RE: [dhcwg] Interpretation of Option 60 (Vendor Class ID)

Richard Barr Hibbs <> Tue, 07 May 2002 23:55 UTC

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Date: Tue, 07 May 2002 16:51:15 -0700
From: Richard Barr Hibbs <>
Subject: RE: [dhcwg] Interpretation of Option 60 (Vendor Class ID)
In-reply-to: <>
To: Michael Carney <>, Steve Gonczi <>
Cc: "Cosmo, Patrick" <>,
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> -----Original Message-----
> From: []On Behalf Of
> Michael Carney
> Sent: Tuesday, May 07, 2002 11:00
> Steve Gonczi wrote:
> > IMHO it is meant to be an array of  unsigned bytes.
> >
> > The authors would have spelled out any formatting restrictions, such as
> > a specific character set, or required zero termination if they had  that
> > in mind.
> >
> > You will see that they did so in other cases.  ( e.g.: section 9.9).
> >
> > Because the authors did not restrict the allowed octet values in any
> > way, we can not safely use a zero termination convention. ( embedded
> > zeros are allowed by the definition)
> Sigh. Actually, it was intended to be an ASCII (printable) string of
> some value to the client vendor (OS). To the server(s), it's just an
> opaque string of characters. I originally wrote the text for this back
> in '93. I suspect my fervor for ensuring that servers would treat the
> value as opaque lead to my use the term "octets".
> [Diving under desk to avoid incoming missiles ;^)]

no missiles, brickbats, or other detritus....  when I re-read this section
of the RFC earlier today, I was left with the impression that the octet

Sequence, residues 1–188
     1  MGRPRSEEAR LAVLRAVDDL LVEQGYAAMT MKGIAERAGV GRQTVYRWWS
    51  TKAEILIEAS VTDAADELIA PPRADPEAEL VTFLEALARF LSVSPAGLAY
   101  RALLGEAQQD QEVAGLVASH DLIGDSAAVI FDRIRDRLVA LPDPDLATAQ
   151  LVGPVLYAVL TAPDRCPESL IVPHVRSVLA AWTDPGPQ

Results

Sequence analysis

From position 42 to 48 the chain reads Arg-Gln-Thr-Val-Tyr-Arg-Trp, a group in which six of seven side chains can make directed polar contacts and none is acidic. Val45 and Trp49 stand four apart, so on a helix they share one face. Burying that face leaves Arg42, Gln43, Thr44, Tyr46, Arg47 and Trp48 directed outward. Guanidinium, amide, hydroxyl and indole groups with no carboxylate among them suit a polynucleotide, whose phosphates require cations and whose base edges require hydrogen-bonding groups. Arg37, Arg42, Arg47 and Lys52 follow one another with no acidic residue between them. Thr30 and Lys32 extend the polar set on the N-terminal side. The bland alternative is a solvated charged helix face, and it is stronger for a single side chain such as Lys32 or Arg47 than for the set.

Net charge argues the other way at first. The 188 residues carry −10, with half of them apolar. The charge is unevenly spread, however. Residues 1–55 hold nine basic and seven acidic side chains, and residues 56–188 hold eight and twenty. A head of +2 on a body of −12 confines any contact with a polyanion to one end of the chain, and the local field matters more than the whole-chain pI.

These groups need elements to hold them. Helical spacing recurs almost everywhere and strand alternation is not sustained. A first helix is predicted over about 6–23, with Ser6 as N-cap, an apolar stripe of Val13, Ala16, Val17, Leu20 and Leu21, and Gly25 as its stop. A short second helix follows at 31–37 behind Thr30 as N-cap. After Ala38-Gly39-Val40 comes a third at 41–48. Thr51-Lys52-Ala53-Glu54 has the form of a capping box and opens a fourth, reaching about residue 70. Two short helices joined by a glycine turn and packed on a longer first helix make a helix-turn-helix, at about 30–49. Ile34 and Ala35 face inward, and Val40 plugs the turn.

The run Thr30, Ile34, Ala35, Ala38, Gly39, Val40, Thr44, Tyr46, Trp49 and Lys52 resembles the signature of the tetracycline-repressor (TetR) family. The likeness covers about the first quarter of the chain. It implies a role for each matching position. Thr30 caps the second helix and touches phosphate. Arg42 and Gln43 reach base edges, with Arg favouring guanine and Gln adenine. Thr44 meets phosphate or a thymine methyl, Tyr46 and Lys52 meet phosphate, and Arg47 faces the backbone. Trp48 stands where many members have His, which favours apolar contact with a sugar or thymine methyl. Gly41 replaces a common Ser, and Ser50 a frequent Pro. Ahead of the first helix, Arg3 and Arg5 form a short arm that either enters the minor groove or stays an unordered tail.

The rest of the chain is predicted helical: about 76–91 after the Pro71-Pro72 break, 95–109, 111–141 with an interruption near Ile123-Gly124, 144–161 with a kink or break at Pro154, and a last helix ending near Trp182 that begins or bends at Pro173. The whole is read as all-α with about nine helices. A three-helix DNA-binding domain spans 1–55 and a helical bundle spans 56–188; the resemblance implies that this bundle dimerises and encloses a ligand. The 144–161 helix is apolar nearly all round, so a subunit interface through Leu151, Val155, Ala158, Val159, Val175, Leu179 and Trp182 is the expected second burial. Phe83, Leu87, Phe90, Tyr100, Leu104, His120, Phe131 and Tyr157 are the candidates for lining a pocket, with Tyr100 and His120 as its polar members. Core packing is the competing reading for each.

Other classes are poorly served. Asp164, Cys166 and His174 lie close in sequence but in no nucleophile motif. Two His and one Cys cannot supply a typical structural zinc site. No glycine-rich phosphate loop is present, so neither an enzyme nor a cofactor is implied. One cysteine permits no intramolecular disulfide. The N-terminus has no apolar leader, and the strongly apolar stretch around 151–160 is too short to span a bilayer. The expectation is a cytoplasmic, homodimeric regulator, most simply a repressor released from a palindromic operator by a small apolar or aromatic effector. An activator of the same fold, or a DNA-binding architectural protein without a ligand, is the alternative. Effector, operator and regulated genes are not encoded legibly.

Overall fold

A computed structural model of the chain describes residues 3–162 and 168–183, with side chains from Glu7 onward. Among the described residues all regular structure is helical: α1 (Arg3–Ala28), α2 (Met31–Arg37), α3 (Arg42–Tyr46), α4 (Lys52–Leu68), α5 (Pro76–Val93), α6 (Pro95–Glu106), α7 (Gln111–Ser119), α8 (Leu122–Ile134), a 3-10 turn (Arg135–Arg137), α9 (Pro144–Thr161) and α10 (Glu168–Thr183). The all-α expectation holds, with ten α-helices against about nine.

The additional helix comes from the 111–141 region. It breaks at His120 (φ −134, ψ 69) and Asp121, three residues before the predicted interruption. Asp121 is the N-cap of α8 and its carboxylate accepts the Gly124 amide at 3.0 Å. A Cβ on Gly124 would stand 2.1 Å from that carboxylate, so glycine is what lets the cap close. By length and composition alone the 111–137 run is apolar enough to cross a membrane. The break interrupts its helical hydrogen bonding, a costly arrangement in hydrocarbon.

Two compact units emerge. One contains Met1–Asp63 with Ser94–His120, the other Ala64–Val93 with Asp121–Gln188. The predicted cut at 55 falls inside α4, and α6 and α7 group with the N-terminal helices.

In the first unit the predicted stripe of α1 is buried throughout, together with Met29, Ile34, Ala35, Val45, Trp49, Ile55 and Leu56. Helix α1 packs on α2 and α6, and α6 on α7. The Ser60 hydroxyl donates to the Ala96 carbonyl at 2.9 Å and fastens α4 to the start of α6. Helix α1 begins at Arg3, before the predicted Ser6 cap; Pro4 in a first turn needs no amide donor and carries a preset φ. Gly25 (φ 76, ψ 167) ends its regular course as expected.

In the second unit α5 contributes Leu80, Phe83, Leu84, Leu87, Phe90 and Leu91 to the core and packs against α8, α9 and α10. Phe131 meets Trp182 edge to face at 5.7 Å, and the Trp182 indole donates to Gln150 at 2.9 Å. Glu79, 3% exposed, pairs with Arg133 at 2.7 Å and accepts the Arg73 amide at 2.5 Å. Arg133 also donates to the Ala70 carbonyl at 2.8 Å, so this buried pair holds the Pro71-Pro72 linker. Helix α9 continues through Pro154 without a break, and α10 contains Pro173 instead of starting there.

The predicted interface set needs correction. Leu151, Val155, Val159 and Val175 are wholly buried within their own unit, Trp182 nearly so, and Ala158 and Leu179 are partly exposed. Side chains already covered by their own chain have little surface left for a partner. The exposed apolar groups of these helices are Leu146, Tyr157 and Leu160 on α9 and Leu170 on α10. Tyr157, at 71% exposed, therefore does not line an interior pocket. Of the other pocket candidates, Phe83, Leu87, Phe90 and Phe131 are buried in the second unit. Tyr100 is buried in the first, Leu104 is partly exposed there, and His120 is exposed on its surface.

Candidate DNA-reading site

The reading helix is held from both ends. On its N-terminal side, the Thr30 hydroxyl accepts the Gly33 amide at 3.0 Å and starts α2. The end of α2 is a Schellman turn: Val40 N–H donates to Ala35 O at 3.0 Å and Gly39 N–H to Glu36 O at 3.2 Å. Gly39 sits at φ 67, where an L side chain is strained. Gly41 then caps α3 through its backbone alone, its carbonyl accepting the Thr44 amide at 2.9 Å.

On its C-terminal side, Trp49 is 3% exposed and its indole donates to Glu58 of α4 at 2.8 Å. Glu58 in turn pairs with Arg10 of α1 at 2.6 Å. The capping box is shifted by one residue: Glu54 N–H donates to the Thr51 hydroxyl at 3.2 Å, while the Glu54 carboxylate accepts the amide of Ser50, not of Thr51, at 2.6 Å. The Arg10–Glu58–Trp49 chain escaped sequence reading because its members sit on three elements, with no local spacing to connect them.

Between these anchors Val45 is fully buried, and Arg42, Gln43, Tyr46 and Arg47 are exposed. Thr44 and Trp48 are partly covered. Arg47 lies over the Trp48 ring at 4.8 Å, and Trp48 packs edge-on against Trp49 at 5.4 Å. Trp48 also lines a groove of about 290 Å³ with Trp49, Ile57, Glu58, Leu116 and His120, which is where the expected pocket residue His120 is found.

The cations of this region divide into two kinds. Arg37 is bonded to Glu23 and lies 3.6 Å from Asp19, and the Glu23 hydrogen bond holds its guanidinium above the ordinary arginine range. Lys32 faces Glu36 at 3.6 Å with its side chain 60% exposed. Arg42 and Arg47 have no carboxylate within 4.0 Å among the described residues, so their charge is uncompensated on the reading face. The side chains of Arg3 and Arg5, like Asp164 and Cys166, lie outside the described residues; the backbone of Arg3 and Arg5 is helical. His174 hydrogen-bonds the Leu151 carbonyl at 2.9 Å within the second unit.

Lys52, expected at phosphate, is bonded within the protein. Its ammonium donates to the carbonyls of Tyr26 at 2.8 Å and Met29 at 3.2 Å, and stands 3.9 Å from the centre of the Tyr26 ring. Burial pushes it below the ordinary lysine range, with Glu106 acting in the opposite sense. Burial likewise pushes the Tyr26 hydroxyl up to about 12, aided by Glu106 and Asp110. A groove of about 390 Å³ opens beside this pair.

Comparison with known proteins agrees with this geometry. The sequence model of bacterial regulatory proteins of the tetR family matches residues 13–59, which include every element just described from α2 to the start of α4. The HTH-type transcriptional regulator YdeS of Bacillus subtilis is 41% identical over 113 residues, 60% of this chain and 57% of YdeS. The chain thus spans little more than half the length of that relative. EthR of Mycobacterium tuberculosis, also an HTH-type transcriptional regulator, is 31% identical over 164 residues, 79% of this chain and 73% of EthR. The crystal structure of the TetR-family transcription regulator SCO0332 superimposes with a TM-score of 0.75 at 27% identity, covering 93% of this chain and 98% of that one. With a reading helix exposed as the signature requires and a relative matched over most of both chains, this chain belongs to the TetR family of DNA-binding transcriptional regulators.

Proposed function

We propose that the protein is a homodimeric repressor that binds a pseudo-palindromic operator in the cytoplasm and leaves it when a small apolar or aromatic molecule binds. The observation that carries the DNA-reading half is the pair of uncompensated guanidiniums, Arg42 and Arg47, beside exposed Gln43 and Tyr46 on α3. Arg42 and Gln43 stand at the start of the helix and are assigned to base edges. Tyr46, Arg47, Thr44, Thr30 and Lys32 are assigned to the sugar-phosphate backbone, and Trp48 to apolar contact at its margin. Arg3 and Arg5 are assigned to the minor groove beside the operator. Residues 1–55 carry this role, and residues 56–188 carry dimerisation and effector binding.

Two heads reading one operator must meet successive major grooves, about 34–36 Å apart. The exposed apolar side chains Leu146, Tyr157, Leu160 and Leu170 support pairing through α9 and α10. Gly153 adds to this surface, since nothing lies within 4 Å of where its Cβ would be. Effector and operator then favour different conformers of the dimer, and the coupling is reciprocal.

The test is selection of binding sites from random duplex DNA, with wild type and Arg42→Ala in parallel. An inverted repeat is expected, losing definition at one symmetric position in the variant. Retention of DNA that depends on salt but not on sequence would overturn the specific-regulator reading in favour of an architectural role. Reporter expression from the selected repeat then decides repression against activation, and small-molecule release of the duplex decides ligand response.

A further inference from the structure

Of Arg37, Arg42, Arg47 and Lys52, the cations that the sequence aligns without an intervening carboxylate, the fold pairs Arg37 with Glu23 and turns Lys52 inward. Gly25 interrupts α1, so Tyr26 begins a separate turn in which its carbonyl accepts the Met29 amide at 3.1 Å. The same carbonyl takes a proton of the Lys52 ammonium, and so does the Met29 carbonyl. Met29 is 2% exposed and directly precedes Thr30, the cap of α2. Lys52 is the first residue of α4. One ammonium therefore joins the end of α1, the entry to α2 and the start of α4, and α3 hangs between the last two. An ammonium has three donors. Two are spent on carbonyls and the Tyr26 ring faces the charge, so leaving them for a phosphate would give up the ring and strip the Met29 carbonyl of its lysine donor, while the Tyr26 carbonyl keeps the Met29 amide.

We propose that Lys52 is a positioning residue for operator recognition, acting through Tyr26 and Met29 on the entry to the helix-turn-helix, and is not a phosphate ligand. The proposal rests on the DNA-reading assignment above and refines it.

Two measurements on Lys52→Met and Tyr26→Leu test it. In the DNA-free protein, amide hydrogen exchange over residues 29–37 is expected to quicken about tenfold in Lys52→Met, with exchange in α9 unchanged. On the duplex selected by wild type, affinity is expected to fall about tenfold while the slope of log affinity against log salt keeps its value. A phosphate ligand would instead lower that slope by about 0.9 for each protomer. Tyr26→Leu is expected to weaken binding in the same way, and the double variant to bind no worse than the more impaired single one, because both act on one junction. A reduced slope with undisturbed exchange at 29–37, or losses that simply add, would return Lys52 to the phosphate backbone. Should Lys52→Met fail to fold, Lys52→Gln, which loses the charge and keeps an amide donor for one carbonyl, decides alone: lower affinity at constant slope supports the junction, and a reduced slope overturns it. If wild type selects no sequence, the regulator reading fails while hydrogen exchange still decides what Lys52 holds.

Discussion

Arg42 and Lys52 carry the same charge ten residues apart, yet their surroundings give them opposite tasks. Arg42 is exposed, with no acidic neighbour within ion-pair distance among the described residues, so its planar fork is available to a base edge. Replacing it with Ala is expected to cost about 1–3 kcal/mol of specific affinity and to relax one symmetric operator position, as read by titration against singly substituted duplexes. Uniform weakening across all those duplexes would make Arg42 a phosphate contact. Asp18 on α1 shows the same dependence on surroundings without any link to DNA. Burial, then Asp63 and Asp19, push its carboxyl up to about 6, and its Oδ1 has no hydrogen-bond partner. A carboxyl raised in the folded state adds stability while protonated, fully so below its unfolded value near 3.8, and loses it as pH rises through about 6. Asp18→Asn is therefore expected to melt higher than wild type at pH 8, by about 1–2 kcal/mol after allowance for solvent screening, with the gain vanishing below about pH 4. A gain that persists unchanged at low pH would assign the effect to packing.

string was NOT opaque, else it would be impossible for the vendor to
"...choose to define specific vendor class identifiers to convey particular
configuration or other identification information about a client," or to
"...encode the client's hardware configuration," which would be the basis
for an Option 43 reply.  *sigh*

Mike, I agree that a character-encoded identifier is often much easier for
implementors and technicians, but I'm not sure that the string is
necessarily opaque to be useful.  An opaque string would imply that the
vendor supplies some magic values to be returned in option 43 if a specific
string is encountered in option 60 -- the server need not interpret the
value of option 60, just recognize it.  But my sense is that option 60 is
just one piece of information used by a server to formulate an option 43
response, which means that the server must have some idea of the "meaning"
of the vendor class identifier.

Having said that, I think a perfectly valid use of option 60 does not
require option 43 in the response.  For example, suppose you had a hardware
printer server that would fail to initialize properly if sent an option it
did not expect, but it sent a unique class identifier.  A DHCP server could
then avoid sending things unrecognized by the device, such as "Default IRC
Server," and not send anything at all in option 43.

Ain't semantics, syntax, and semiotics wunnerful??


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